... How Sartre came to be sidelined. (Hat tip, Dave Lull.)
Sartre is one of two famous "thinkers" I disconnected with upon first encounter. The other is Freud. My working-class common sense simply found - and still finds - the idea of the Oedipal conflict ridiculous on its face. As for Sartre, we parted ways when Roquentin went on about the tree and its roots. I still remember being reminded at the time of the Thurber cartoon with the wife saying to her husband, "Well, I'm disenchanted, too. We're all disenchanted." Then there was Being and Nothingness, a compendium of gibberish if ever there was one. Only a self-styled intellectual could take that crap seriously.
Unlike A.N. Wilson, though, this Wilson doesn't think that Sartre's eclipse means that existentialism is dead. After all, Camus's L'Etranger is still immensely popular. Gabriel Marcel is well worth reading, and in combination with phenomenology, existentialism is still worth pondering.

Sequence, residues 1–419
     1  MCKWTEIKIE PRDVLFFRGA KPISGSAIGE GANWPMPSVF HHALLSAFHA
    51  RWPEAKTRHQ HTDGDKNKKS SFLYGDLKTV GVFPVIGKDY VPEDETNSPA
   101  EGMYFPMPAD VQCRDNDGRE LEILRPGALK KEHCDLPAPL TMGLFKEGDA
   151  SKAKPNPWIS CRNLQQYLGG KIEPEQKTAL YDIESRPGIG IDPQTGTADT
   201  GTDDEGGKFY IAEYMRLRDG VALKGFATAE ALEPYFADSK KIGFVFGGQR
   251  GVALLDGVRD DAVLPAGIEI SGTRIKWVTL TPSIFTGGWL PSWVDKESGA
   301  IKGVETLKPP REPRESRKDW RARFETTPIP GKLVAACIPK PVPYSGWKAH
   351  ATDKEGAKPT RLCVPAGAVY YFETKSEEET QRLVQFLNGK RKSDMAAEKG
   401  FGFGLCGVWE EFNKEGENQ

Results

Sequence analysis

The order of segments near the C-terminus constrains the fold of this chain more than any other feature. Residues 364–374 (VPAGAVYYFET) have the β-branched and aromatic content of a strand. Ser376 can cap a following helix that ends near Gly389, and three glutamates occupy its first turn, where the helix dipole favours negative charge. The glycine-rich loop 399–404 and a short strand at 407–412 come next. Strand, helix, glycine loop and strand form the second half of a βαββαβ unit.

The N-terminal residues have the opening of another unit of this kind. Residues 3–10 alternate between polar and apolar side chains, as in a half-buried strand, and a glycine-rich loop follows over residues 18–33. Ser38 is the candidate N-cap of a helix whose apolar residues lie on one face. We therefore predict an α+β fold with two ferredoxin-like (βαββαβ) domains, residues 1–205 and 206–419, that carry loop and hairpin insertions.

I do like this observation, though: "As so often, when contemplating literary history, one is reminded of Pope's Dunciad, in its exposure of the human capacity to believe in fraudulence, of the adulation poured on the transitory and the second-rate, and on the fragility of all literary reputations."
I should re-read The Dunciad. It seems perfect for the times.